Extinction Rebellion claims the Scottish Citizens’ Assembly on the climate is rigged

The Scottish Citizens’ Assembly on the Climate Emergency is an allotted body created by the 2019 Climate Act that is mandated to answer the question “How should Scotland change to tackle the climate emergency in a fair and effective way?”.

The Extinction Rebellion organization was part of the process of setting up this body and its procedures. It has now quit the process claiming that the process has been rigged. “Rather than enabling a full spectrum of opinions to be heard, so people can come to their own conclusions, and make their own assessment of the value of current policy and targets, business as usual has been allowed to creep in and then take over.”

In an op-ed written by Extinction Rebellion members, they explain that civil servants have control over the design of the proceedings and those civil servants are happy with the status quo. In terms of how the rigging is done, they say:

Deliberations won’t be allowed to start until people have fully understood the difference between adaptation and mitigation responses, and the different government policy frameworks at a national and international level.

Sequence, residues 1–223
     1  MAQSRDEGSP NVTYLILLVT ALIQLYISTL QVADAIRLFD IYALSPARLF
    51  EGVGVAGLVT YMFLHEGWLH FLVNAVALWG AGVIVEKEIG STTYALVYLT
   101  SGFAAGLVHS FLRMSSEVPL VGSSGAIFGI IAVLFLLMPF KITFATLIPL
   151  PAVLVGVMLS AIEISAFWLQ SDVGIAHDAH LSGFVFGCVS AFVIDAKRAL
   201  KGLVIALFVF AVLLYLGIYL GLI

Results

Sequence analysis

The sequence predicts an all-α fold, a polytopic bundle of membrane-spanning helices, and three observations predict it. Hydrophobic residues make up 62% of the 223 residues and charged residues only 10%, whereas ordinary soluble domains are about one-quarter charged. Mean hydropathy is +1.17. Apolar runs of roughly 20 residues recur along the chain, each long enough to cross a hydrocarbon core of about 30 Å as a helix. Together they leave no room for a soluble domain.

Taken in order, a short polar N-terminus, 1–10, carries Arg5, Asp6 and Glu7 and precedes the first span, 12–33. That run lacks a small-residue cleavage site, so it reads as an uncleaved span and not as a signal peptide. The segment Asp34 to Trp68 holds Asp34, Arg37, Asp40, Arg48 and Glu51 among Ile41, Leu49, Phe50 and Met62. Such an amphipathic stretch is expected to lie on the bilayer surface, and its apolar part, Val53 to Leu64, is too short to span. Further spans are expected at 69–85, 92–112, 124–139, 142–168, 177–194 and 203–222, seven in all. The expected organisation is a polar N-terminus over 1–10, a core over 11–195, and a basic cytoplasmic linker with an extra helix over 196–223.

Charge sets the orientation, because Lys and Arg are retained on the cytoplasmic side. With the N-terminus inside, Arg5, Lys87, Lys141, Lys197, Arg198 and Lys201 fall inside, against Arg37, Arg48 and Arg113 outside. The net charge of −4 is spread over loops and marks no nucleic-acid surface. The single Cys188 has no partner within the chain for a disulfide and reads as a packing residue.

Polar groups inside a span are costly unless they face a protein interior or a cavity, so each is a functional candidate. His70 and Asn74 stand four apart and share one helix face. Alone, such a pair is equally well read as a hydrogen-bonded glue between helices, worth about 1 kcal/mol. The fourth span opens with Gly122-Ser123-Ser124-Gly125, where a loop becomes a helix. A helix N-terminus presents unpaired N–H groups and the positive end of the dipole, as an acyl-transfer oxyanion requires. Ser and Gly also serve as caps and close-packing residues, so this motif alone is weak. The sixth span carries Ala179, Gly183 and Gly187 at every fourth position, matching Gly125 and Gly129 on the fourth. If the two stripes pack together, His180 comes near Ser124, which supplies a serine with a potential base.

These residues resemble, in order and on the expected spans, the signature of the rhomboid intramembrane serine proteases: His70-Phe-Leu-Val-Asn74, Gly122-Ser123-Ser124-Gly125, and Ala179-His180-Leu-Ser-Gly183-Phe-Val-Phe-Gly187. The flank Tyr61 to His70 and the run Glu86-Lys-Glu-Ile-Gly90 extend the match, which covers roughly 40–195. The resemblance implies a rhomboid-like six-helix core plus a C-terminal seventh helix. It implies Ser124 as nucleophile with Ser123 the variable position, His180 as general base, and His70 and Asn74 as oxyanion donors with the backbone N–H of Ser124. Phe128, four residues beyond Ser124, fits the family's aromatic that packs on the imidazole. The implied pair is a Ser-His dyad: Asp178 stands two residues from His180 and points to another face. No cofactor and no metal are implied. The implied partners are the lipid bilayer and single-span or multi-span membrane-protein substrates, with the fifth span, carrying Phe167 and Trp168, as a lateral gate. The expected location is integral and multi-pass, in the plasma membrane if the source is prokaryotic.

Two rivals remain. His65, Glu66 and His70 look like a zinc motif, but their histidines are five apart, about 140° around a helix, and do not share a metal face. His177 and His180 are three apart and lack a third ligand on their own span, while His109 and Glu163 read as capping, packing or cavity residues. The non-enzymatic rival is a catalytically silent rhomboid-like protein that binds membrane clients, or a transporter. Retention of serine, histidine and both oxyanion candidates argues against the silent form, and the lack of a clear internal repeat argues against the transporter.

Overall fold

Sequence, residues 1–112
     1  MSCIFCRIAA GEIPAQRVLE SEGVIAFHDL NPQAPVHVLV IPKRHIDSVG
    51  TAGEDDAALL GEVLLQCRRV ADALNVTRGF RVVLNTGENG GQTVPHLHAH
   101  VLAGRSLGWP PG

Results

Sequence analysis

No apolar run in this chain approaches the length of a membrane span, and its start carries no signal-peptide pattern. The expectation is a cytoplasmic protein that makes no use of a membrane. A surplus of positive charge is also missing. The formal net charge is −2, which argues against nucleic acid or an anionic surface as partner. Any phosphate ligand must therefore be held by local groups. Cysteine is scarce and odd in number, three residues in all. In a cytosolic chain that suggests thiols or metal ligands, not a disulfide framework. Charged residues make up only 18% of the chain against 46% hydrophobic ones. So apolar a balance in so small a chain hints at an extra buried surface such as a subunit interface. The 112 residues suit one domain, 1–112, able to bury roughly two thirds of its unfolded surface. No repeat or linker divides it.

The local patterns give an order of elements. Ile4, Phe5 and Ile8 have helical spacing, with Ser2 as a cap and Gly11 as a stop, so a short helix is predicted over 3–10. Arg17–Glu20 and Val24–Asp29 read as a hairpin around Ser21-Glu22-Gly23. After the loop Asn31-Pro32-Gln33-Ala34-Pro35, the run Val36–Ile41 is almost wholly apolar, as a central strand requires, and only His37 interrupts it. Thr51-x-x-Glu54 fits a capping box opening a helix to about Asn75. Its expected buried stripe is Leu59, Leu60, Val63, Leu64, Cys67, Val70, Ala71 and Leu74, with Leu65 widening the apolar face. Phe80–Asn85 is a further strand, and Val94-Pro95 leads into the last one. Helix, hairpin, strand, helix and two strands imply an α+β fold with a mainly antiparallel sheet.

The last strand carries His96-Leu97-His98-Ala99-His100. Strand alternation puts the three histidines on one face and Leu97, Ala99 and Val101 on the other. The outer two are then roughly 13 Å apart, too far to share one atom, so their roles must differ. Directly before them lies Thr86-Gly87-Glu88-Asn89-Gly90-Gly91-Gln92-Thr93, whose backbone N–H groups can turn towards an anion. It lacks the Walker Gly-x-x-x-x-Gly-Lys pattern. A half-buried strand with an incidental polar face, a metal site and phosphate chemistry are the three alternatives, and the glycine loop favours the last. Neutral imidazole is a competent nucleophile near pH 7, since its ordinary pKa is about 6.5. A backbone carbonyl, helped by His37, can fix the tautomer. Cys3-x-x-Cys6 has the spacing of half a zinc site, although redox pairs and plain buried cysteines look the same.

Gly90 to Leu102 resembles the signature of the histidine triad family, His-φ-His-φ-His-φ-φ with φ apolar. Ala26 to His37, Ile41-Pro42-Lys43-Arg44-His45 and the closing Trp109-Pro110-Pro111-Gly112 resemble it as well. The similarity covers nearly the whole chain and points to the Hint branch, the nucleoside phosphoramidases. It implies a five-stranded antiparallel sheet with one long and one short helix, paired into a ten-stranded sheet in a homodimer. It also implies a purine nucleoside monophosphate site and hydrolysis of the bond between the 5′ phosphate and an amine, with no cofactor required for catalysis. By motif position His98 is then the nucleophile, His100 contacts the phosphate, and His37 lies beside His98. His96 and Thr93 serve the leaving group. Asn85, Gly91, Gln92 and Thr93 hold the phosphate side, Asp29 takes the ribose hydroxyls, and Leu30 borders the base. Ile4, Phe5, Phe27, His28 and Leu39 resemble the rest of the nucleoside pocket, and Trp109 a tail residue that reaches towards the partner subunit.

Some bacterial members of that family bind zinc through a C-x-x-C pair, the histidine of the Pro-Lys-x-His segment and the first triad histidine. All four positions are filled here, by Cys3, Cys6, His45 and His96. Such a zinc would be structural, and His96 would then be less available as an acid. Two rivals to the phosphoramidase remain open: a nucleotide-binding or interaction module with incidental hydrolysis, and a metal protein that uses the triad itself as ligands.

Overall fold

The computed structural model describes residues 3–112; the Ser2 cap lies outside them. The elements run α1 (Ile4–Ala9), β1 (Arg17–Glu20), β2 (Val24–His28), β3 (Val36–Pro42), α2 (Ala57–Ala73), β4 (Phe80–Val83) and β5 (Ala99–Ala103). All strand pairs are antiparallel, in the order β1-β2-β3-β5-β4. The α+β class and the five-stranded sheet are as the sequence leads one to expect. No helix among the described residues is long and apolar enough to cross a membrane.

Those of us who have been talking about climate in different communities for years know very well this background understanding is not only not necessary – there’s a huge risk of disengagement from the very people we need to hear from.

People need to understand enough of the science, especially in terms of real-world impacts, but then need to judge for themselves the effectiveness or otherwise of our response so far: have the powerful’s many fine words led to any changes on the ground?

A practical and transparent method to sort

In this short post, I introduce a method that might interest readers from this blog. I present a practical method that randomly pick people without the need for a trustworthy third party. Before describing it in more details, I want to insist on its two main features.